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In Small Business, It’s The Punch You Don’t See That Hurts You

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In Small Business, It's The Punch You Don't See That Hurts You

In boxing, the old adage is that you rarely get hurt by the punch you see coming. It’s the one you don’t see that hurts you. Reason is that with the one you see, you have time to brace yourself or perhaps even deflect it so you don’t take the full brunt of its power. The punch you don’t see, on the other hand, hits you flush.

The same thing is true in small business.

Too often (far too often, in fact), small businesses struggle because of things that they don’t know. And the worst part? They don’t know that they don’t know! Don’t believe me? Here are a few common examples:

1. Many entrepreneurs and small business people think they are experts on the internet.

They refuse to acknowledge that getting noticed is incredibly tough. There are highly paid experts out there who are better than they are, and while they are expensive, the greater price is doing it yourself — and failing. In other words, if you think an expert is expensive, try hiring and amateur.

2. Many small business owners believe that their product is the greatest thing since sliced bread and refuse to understand competition.

While it’s great to have that confidence in your product, take note of what else is out there to make sure your offering is truly unique. Simple tests are to research Google and Amazon on a regular basis. For example, Amazon is developing and using a sophisticated tool to research and manage prices.

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3. Many frequently believe their ideas are so good that people will line up to invest.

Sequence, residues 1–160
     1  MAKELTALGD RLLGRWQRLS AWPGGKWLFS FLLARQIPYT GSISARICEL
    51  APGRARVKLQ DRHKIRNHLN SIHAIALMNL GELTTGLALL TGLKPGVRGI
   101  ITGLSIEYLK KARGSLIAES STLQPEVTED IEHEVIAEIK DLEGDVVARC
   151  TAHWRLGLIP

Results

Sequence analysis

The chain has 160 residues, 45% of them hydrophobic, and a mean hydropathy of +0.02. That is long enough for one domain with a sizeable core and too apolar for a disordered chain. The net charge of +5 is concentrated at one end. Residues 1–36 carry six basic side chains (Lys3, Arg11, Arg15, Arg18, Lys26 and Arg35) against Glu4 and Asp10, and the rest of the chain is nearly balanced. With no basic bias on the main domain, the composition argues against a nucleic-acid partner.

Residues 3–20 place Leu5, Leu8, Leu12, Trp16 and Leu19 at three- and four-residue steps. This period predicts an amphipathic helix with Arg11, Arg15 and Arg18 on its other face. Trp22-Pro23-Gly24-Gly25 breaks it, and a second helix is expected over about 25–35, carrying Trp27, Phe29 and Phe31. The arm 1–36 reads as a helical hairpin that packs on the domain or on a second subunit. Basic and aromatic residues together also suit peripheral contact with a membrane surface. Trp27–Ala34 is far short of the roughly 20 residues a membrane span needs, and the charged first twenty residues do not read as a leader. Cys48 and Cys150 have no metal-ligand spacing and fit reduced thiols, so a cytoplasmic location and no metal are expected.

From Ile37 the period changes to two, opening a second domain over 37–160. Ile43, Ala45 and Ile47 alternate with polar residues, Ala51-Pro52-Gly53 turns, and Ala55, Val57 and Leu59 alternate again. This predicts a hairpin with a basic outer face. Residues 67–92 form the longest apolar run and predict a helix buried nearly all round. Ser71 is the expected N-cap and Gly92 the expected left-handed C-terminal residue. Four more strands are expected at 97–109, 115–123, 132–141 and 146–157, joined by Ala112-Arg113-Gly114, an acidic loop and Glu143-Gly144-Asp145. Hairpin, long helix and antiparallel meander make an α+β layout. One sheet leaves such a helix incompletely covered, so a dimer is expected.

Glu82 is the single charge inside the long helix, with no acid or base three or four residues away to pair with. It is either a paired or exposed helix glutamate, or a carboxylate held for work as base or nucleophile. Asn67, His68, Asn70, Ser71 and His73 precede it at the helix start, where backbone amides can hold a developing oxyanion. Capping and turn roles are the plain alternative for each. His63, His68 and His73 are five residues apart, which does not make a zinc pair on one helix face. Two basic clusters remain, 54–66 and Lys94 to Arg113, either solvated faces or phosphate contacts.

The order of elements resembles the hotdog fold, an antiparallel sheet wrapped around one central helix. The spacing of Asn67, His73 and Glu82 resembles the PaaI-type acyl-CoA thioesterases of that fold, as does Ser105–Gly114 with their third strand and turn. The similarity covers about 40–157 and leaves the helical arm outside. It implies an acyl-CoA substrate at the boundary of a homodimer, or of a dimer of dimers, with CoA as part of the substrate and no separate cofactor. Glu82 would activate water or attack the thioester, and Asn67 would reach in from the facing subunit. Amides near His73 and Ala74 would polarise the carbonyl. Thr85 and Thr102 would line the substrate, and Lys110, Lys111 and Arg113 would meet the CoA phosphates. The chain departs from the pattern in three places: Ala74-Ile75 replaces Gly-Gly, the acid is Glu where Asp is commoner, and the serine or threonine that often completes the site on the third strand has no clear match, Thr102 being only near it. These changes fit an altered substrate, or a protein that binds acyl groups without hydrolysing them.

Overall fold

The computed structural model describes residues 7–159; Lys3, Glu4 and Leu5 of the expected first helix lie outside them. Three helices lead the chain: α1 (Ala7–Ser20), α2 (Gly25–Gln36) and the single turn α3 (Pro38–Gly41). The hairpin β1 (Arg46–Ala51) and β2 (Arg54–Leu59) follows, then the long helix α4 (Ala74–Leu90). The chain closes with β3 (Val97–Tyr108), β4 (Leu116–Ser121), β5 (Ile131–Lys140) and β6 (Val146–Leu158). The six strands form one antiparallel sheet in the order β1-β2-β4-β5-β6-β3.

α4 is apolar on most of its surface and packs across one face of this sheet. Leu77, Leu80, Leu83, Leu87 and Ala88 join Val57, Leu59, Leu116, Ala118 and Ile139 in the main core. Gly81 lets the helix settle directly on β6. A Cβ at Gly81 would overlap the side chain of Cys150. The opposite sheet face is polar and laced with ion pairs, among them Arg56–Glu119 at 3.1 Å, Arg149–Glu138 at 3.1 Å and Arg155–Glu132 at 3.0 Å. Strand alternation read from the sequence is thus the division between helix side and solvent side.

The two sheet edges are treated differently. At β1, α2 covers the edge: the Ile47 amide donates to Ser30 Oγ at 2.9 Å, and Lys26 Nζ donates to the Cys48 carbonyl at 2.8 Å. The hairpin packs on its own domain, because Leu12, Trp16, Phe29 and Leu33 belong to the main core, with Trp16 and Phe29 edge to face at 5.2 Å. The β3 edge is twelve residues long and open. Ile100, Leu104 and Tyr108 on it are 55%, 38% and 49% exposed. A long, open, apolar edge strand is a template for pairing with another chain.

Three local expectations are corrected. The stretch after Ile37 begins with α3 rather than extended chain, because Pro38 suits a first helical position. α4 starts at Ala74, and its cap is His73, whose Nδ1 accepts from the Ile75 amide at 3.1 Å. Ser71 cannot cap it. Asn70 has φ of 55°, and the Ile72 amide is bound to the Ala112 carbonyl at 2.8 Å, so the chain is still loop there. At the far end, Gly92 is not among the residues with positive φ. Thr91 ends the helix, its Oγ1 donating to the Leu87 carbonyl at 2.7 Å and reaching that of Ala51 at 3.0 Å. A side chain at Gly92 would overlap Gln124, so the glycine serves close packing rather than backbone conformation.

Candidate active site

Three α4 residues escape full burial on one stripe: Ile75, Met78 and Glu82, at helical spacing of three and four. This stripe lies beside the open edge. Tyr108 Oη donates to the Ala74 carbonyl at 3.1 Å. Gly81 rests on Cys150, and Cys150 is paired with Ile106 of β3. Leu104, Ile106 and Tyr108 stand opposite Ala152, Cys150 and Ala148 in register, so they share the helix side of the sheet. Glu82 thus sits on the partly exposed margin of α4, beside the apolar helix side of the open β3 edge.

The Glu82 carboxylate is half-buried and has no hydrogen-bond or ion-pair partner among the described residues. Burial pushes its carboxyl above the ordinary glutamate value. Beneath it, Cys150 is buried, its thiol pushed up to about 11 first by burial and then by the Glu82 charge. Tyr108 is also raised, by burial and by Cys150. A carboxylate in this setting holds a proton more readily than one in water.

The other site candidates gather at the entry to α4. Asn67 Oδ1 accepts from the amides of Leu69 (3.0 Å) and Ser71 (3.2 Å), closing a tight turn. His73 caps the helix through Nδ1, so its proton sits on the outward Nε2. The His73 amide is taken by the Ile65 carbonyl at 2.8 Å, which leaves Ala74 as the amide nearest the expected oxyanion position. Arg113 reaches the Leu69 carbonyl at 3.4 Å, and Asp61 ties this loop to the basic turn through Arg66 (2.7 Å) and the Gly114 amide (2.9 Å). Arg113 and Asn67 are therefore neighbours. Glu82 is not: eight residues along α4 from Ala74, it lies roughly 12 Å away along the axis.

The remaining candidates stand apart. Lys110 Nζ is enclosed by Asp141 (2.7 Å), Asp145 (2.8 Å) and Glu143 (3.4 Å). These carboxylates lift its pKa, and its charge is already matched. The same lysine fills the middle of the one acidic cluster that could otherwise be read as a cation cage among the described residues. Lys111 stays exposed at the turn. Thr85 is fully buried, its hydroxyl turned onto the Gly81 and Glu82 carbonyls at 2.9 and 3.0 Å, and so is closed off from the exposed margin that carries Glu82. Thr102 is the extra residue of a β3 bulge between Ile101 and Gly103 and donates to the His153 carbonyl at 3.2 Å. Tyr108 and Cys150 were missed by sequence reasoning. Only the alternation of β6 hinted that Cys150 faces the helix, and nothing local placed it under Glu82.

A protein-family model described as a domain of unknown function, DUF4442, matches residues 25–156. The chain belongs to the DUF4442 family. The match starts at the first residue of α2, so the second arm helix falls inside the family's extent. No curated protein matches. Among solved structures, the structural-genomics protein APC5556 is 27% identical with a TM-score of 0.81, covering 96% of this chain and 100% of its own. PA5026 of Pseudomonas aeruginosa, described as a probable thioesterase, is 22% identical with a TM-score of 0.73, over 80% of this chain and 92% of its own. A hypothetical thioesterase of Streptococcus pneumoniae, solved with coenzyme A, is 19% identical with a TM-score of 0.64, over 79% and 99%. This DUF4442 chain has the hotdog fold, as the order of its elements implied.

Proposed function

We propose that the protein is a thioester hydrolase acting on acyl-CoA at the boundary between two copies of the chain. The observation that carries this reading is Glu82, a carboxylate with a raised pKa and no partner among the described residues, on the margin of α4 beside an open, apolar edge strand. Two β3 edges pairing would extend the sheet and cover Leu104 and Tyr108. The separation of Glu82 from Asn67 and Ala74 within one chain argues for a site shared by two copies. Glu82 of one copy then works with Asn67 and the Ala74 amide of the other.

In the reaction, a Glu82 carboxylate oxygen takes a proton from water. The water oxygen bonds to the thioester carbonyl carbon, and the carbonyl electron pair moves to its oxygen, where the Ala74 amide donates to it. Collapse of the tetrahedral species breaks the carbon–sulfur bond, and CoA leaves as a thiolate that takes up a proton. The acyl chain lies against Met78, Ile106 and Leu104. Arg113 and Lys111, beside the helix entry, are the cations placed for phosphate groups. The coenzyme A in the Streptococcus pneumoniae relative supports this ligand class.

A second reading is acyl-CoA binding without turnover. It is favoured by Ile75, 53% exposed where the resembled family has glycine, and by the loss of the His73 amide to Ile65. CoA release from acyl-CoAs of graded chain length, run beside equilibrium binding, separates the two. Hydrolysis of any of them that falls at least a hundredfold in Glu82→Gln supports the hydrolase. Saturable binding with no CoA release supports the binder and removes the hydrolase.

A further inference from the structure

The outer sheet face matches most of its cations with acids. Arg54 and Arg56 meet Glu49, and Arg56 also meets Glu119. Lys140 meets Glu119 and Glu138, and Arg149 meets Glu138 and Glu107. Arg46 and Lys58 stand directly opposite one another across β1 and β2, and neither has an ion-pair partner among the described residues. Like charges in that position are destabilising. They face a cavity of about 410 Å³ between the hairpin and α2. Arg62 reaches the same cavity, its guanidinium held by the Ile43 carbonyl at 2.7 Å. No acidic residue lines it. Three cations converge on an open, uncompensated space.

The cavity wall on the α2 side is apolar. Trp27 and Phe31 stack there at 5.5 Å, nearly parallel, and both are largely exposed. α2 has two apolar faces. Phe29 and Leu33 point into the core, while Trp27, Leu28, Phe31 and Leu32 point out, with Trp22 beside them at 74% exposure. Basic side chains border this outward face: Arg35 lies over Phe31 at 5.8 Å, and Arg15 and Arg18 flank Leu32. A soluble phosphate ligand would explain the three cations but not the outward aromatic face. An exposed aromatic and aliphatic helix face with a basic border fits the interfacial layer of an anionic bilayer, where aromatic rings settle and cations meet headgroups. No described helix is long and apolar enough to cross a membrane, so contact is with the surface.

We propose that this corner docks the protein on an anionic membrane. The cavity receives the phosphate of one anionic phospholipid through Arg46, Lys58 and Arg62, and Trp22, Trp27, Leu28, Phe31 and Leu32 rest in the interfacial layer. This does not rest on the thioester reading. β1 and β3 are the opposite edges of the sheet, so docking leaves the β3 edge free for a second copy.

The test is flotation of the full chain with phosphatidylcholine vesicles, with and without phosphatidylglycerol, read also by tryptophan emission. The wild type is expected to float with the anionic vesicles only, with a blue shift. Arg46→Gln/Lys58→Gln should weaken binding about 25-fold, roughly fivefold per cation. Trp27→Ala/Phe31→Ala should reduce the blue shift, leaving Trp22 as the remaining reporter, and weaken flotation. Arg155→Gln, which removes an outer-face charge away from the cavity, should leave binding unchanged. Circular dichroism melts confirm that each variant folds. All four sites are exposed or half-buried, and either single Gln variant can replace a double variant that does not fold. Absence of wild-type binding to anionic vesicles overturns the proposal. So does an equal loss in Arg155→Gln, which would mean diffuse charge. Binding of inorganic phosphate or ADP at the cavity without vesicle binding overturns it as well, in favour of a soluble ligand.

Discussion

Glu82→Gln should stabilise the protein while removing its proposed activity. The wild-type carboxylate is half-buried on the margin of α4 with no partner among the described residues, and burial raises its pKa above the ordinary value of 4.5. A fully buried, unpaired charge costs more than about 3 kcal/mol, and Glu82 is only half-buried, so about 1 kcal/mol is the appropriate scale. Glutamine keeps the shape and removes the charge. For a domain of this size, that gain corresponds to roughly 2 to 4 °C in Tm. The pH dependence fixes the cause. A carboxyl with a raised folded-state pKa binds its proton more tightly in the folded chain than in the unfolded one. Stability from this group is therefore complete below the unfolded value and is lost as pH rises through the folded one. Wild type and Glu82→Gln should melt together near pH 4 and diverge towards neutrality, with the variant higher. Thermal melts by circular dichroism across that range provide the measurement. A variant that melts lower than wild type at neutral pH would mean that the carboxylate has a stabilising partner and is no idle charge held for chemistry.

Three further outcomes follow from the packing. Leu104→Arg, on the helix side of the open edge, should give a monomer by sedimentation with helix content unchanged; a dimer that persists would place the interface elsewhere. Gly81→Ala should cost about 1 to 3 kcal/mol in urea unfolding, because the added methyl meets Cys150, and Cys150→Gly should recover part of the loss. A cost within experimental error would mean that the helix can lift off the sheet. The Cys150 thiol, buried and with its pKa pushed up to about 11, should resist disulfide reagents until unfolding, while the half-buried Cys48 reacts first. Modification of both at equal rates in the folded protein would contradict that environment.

Thus, they fail to figure out how much money they need, what they will use it for, or how they will pay it back. These answers dramatically affect how and what format you should raise money. Many clients in early stages have no clue of their initial sales goals but have very specific funding requirements based on almost no facts.

4. They fail to consider back up plans. How will you live while the business or investment is just starting.

What is your backup plan, and how much risk can you afford? Most planning is built on static, inflexible models. However, programs like The Lean Startup and our Startup Connection models rely on flexible and adaptable models. They basically focus on developing, testing, measuring, and adapting.

When you wade out into the small business waters, make sure you have both eyes open. There are a lot of challenges out there, many challenges that you won’t see coming. If you pay attention and constantly try to get better, you can more easily spot these bumps in the road and make sure you’re prepared to handle them.

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